And oh how I clung to that Blackberry! I saw how addicted my dad had become to the Apple way of life, and I know that addictions are hereditary.  I didn’t want to go that route. So I vowed never to get an iPhone! Never to get an iPad! Never to fall prey to that Apple-induced madness that possesses addicts every time a new product is announced! Oh no, not me! I didn’t have a problem! I could stop any time I wanted to.

Addicts, however, tend to surround themselves with other addicts to justify their behavior. And my parents are no different. Like the worst of smokers and drinkers, I started using my parents’ iPads when they weren’t looking. A websearch here. A Facebook update there. An email. A YouTube video. A round of Words With Friends. But they caught on. And because they don’t see their own addictions as a problem, instead of castigating me, they bought me an iPad for my birthday last year. The Apple TV quickly followed suit.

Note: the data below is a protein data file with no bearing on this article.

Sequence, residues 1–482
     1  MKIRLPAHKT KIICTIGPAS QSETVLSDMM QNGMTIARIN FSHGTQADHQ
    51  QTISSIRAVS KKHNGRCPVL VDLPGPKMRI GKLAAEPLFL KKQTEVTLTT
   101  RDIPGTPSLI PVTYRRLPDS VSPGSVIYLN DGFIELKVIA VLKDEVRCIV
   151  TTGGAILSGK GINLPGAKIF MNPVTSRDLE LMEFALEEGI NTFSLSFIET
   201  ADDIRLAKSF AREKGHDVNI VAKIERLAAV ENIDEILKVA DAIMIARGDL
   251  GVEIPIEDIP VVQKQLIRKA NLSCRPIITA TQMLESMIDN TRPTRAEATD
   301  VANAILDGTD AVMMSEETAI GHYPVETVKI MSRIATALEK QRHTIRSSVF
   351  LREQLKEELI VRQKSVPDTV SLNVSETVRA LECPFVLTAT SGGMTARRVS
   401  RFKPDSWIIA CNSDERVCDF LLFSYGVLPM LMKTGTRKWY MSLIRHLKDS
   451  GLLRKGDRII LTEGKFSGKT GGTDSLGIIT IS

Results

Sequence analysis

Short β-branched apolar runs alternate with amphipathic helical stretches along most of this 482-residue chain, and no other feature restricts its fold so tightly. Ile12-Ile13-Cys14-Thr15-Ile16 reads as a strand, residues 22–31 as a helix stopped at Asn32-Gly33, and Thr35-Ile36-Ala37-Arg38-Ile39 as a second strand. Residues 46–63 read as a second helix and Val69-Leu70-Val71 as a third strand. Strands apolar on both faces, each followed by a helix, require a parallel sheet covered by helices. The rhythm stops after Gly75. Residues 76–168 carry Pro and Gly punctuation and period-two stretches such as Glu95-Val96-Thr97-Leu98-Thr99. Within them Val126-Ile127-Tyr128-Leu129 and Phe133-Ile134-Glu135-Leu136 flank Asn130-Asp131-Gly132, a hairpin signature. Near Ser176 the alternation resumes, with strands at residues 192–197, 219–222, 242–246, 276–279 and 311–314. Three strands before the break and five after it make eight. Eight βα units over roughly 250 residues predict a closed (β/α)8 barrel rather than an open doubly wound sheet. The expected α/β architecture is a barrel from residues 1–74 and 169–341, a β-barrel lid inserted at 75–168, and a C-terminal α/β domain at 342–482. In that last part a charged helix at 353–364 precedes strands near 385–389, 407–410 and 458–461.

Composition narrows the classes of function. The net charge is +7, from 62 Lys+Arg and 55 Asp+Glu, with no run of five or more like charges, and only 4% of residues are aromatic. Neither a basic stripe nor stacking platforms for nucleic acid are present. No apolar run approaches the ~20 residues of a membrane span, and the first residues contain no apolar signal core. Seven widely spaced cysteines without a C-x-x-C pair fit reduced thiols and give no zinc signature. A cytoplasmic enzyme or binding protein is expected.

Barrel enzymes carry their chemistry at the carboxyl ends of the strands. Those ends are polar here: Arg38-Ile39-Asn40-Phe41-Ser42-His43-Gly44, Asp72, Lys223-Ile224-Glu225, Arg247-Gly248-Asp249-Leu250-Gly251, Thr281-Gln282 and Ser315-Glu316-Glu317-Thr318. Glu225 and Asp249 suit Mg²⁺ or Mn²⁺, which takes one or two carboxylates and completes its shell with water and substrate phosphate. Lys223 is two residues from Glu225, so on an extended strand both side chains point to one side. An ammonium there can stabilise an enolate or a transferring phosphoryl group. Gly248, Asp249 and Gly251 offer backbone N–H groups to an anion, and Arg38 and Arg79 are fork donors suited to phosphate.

And after that, there was no turning back. I woke up at 2:45am the night that the iPhone 4S went on sale to make sure I was alert enough to order mine EXACTLY at 3am. I claimed I had a doctor’s appointment and left school early the day it was delivered–the FIRST day that anyone could have one, to rush home to set it up. Behavior that a non-addict would find simply appalling.

I couldn’t stop though. I popped apps like they were TicTacs. I spent countless hours installing things I didn’t need, had no use for, but craved because they were there and they enhanced my Apple products like nothing else could. I preferred texting other Apple users because they too acted like our behavior was normal. They got it. And with iMessage, I could see when they were replying to me. And we could send emojis. Non-Apple users didn’t understand and judged us for preferring the company of other Apple-aholics. Clearly THEY were the ones with the problems.  Not us.  Never us. And even if some of my friends were addicted, I wasn’t.  I couldn’t be an addict.